Thursday, March 5, 2009

Bidding up the line

Playing online bridge last night with Xwing, I picked up this hand:
A 9 8 7 6 4 3 2 A 10 6 3 Q --.

Partner opened 1. I responded 1 and partner rebid 3. I have agreements about this bid with some of my partners, but not with Xwing. Puzzled, I looked again and saw that I had not responded 1 as I thought -- I had bid 1 instead!

I don't think there's a good way to recover, but the good news is that we had found a 4-4 fit. What would you do? I finally decided to bid 6. I have an eight-card suit on the side -- let's keep that a secret, okay?

These are all four hands:

K 7 5 2
Q J 10 9 2
10 K J 5
Q 9 8 J 4
10 9 7 4 3 8 6 5 2
A K 8 4 7 6 5 3
A 9 8 7 6 4 3 2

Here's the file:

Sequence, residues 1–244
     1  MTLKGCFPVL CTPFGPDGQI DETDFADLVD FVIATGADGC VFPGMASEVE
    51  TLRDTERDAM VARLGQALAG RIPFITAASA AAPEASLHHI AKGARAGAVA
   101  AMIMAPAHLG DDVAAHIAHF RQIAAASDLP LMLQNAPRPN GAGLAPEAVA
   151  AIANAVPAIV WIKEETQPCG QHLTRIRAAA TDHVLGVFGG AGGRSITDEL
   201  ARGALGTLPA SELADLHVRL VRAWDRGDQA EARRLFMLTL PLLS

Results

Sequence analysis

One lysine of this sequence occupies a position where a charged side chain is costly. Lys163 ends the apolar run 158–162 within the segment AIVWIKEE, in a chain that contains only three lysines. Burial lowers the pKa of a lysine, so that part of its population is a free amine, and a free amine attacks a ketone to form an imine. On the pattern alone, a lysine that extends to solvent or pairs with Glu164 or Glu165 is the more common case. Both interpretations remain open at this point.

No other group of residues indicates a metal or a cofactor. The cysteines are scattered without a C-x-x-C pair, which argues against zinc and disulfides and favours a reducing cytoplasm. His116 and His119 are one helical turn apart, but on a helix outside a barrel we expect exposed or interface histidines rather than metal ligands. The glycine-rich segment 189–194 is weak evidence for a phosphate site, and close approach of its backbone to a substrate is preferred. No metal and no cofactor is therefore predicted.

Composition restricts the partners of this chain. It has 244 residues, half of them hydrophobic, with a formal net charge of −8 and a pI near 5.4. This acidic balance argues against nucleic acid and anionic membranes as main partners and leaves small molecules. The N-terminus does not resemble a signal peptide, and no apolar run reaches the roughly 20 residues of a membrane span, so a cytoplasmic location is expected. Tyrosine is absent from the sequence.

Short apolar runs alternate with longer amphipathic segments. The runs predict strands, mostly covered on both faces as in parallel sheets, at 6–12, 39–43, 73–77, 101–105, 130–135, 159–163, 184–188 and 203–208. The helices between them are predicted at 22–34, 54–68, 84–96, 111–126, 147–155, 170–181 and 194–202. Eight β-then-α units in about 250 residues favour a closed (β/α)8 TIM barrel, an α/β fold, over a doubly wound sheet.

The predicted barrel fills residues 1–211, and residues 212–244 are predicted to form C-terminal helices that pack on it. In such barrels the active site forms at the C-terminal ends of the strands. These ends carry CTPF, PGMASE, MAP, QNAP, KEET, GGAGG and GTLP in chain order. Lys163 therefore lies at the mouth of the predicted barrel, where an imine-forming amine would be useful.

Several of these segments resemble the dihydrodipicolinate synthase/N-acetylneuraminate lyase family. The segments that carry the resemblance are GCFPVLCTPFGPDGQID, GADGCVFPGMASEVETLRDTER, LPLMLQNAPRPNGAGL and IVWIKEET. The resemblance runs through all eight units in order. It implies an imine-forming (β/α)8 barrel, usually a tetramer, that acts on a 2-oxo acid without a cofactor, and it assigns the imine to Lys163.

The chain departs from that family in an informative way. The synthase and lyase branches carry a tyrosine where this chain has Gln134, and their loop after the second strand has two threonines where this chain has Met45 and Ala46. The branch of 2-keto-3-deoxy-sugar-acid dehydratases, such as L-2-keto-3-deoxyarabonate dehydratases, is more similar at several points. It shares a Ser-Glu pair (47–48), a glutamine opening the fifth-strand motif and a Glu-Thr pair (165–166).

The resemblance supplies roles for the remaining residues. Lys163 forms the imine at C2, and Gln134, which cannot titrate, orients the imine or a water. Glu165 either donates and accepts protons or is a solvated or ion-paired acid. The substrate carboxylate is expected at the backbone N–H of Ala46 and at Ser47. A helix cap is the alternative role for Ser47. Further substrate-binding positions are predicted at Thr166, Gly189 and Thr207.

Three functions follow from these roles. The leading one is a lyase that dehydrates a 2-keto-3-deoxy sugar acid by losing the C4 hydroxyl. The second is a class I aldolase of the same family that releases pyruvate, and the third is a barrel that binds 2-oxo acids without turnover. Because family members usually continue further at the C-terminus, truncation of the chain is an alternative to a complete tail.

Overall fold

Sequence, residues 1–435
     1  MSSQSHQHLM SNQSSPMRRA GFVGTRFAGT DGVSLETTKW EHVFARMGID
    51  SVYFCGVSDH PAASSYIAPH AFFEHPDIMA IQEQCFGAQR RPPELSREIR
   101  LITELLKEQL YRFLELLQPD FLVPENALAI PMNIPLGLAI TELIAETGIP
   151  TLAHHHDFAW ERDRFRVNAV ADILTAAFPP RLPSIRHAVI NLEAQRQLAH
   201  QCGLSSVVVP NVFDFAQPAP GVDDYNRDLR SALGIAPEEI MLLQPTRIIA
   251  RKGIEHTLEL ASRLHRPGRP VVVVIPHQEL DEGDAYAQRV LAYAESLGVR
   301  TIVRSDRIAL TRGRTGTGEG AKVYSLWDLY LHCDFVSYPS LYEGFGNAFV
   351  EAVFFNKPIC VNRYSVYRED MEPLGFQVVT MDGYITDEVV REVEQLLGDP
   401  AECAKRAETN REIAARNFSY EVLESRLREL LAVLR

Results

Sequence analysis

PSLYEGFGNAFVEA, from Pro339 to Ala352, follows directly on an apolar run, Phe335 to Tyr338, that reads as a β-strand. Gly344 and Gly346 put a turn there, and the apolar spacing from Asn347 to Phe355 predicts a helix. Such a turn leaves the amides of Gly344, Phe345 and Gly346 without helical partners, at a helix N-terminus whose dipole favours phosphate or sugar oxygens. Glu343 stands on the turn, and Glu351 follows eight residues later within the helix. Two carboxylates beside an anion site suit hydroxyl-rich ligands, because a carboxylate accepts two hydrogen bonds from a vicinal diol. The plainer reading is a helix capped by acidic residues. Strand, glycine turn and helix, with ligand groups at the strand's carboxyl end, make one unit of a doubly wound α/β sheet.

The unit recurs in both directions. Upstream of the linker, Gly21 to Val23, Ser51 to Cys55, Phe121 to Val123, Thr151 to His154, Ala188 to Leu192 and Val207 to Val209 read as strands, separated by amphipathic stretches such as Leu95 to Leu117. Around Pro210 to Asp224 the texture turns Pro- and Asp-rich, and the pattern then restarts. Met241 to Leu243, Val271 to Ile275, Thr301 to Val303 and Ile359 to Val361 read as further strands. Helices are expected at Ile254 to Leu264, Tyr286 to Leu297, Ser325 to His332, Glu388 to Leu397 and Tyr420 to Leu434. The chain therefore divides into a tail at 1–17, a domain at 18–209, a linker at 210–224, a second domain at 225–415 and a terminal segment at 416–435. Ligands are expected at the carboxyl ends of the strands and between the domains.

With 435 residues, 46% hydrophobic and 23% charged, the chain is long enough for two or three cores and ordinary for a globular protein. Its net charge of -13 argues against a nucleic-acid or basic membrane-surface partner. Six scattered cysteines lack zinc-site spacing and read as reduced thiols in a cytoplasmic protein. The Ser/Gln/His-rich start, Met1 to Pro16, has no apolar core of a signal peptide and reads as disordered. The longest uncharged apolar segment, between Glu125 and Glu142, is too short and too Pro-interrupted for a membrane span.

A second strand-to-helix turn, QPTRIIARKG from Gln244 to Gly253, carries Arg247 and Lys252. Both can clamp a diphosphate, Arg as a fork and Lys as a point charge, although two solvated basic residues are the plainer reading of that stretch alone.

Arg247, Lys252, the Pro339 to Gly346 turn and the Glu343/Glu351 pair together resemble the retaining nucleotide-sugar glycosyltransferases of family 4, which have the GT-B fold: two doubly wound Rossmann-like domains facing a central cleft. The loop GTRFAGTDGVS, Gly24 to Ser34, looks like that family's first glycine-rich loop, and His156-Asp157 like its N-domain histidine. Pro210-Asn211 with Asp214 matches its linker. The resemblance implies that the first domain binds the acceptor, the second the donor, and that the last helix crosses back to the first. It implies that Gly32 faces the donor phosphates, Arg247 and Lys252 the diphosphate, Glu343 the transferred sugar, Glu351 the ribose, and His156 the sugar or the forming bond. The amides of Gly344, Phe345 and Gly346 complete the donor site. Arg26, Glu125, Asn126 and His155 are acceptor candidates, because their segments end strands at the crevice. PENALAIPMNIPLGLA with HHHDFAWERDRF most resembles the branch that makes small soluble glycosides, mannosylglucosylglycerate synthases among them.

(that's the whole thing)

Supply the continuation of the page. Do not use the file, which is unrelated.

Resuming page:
A 10 6 3

West led the A and there wasn't a whole lot to the play. I set up my spade suit, playing two high trumps along the way. Then I ran my spades and West could ruff in whenever he pleased, but I had the rest and a 10.51-IMP pick-up.

After I claimed, I expected the opponents to give me the third degree about the bizarre way I had bid the hand. Instead, they said nothing. Xwing told me later that if they questioned me, I should say I was bidding up the line. Ha ha.

Most of the field was in 4, making either five or six, depending on how they played the spade suit. Two pairs were bold enough to bid all the way to 2. Guess what? They made their contract. I couldn't make this stuff up.

Out of 72 tables, there were four other maniacs pairs who bid to 6. Three of us made the slam in hearts, but two pairs went down! One pair was in 7 doubled and another in 6NT doubled. Both contracts failed, of course. You can see how two pairs bid all the way to 2 and what all the players did if you click here.

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